By Geof Lory
Last Friday my oldest daughter Jenna asked if she could go to a late movie that I knew would not end until after 11:00 pm. She was going to be with a group of her friends, so I agreed. Then she informed me that I would have to pick them up from the theatre at 11:15 pm and then drive her three friends home. Having driven her friends home before after earlier movies, I knew they live all over town. It would be at least a 45-minute job to do what she was asking. I was just about to tell her that I was not willing to do that, when I stopped myself and decided to try some reframing instead. (What good are kids if you can’t practice on them?)
“So, let me understand this Jenna. You would like me to wake up 30-45 minutes after I have been sleeping in my warm comfortable bed, get dressed, go out into the cold Minnesota winter night, drive 15 minutes to pick you up and then another 30 minutes to drop off your friends just so you can see a movie tonight that you could see tomorrow for half-price at the matinee? Have I essentially captured the gist of your request?” Unfortunately I had, and from the look on her face, I had made my point, too.
When we see things exclusively from our own perspective, looking at it from someone else’s perspective can be surprisingly humorous, disarmingly ridiculous or perhaps even insensitive. Regardless, someone else’s perspective is not typically the same as your own. Each person brings to the situation a combination of their history and priorities, which by definition are their own. It is the rare individual who doesn’t operate from primarily their own frame of reference. Because, what other frame of reference do we have? Getting out from behind your own eyeballs and out of your own head and into someone else’s is inherently an unnatural act.
This personal parochial perspective is why teams of diverse people are typically better at producing complete solutions to complex problems: because they can represent complementary and varied views of both the problem and how to address it. On diverse teams, inviting the alternative view becomes the norm, not the exception. I have been working on teams that represent such different views so much that when we reach consensus too quickly it raises a red flag for me. Have we thought this through completely? Is everyone checked in and comfortable representing their ideas? Do I need to reframe this to promote some thought before confirmation? Don’t get me wrong, I like consensus, I just want to make sure it is conscious consensus. Reframing helps me assure that.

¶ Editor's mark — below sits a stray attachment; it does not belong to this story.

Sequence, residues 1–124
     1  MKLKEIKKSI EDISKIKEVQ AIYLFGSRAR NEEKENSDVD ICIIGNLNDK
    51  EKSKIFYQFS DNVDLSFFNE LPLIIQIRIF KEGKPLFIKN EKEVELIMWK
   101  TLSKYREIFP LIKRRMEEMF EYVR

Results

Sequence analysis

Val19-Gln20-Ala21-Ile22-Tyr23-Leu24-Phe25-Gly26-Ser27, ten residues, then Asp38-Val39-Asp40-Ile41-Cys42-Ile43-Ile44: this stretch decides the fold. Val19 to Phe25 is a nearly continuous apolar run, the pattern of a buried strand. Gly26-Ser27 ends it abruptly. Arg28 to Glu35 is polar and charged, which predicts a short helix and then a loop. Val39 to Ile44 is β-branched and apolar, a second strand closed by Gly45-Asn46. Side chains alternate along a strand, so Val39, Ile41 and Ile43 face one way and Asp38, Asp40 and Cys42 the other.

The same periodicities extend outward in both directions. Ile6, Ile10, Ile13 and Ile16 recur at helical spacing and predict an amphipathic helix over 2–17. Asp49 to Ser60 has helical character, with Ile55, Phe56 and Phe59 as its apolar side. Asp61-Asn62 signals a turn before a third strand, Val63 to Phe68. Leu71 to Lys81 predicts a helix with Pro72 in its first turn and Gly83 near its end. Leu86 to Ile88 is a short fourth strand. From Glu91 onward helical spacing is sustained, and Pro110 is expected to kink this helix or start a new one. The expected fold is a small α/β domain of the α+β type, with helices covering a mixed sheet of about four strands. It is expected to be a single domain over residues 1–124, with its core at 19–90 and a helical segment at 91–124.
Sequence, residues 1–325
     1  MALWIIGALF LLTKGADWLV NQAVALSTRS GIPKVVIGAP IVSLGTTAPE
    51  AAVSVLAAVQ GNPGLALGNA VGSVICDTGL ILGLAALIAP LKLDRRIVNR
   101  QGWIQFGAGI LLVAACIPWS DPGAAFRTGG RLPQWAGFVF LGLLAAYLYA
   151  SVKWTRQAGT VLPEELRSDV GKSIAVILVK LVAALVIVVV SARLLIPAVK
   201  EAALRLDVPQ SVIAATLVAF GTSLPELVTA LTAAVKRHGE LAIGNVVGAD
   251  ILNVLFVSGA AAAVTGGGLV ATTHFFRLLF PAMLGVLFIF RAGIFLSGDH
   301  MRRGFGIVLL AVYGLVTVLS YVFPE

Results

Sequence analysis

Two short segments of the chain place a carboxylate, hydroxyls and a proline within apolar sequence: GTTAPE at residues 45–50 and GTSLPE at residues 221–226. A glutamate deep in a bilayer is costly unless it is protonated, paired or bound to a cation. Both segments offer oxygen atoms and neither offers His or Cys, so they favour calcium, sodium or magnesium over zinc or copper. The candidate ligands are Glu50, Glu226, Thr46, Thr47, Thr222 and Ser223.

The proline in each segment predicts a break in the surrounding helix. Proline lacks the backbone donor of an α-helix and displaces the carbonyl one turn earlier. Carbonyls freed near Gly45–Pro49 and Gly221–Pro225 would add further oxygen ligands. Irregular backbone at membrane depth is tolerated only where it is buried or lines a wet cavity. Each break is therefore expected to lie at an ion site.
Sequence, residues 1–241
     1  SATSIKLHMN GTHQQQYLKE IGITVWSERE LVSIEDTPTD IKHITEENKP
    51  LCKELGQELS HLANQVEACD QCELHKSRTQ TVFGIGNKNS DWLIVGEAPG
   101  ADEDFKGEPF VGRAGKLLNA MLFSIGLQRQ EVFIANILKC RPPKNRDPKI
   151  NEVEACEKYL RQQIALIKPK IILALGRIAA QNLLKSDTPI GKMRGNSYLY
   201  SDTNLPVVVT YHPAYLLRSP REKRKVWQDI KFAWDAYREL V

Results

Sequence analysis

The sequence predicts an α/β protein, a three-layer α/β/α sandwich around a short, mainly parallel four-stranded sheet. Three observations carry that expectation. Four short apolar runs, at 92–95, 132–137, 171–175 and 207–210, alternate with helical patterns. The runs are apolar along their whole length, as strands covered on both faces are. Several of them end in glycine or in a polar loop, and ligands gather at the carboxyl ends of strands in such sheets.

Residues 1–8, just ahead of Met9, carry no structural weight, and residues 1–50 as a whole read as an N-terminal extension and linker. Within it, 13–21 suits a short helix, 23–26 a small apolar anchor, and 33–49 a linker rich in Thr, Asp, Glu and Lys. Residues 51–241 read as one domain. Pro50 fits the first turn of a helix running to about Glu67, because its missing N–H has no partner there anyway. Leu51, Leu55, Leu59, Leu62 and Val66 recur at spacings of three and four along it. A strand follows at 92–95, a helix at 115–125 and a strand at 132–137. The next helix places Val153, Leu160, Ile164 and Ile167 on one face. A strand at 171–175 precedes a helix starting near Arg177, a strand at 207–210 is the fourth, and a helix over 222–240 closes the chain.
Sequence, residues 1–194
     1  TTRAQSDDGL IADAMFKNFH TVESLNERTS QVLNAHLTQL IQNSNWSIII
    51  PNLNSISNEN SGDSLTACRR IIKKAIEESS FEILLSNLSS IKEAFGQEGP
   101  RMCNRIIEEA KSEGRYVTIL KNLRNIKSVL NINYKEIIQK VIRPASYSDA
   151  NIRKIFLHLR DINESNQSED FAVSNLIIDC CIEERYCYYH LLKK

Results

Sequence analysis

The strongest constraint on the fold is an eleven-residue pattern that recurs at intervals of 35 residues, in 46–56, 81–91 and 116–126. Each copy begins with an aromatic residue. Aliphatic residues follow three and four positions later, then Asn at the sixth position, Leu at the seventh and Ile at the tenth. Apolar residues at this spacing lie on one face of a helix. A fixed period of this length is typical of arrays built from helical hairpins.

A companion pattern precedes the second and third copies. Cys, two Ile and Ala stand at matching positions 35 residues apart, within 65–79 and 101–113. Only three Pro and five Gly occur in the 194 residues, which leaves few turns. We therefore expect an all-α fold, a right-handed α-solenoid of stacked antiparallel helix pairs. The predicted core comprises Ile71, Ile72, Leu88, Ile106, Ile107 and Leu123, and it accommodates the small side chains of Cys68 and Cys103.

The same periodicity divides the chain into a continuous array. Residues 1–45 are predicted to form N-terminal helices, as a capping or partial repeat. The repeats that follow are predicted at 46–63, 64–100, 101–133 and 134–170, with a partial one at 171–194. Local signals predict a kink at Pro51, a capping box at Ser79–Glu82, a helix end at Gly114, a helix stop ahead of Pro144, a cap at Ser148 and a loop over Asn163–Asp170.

Reframing is a deliberate and conscious approach to communication that uses the same technique that comedy does. I once read “good comedy is just real life presented at its extreme.” Taking a reasonably common occurrence, such as a phone call or swearing, and turning it into the absurd is what Bob Newhart and George Carlin do so well. They didn’t think of things we didn’t think of, they took things we were all familiar with and reframed them in the extreme. They are masters of making the obvious more obvious, to the point of ridicule.
Now, I’m not suggesting you turn to comedic reframing to communicate better on your team, but periodically we could all benefit from the small dose of reality reframing can bring. Brainstorming sessions that use reframing can reveal the foolishness of long-held practices that no longer serve a productive purpose. Deliberately walking through the details of a use case will many times show the fallacy of the design not apparent in the code or on paper. Using reframing in risk assessment also can bring to light assumptions not thought of before.
Of course, this same diversity creates opportunities for friction. Unfortunately, we are not always open to other’s perspectives. Think of how many times you “listened” to someone just enough to tell that they were done so you could then explain your point of view. Reframing is a technique that can be used to help listen as well as explain.
Trying to step into the shoes of someone else to reframe their ideas through their perspective will almost always create some new enlightenment or confirm previous assumptions. Both are better places to be than wondering. I almost always prefer certainty to ambiguity, especially in communication.
I use reframing even when it isn’t obvious that I am. I do it silently to myself. (I’m easily entertained as you can tell from most of my articles.) I do it to try and shake my close-minded view and get out from behind my own eyeballs. I have to admit that I am challenged by it, mostly because it requires me to drop some of my ego, a practice I still need lots of practice with. When I can do it, however, it develops consciousness and compassion, both attributes that grease the wheels of high performance teams.
High performance teams embrace the alternative perspective, or even the absurdity of it, for what it is worth: another person’s perspective. Not always valid, maybe not worth pursuing, but certainly something to consider. And that is all that reframing asks, that another voice is allowed to be heard for what it is worth: another person’s perspective. If more clarity comes to the original idea via the reframing, it has served its purpose and caused the communication to be clearer.
So when Jenna says, “Dad, can you pick us up at 11:00 and drop off my friends too?” perhaps what she is really saying is, “Dad, I really like this hot guy who works the late shift at the movie theatre and it would be so cool if you let me go to the late movie and then drive him home so I could see where he lives.”
Well, if you reframe it that way, “Absolutely NOT!”
Geof Lory is a project management coach and father of two teenage daughters. He is a partner with GTD Consulting, LLC in St. Paul, MN. You can reach him at email@example.com.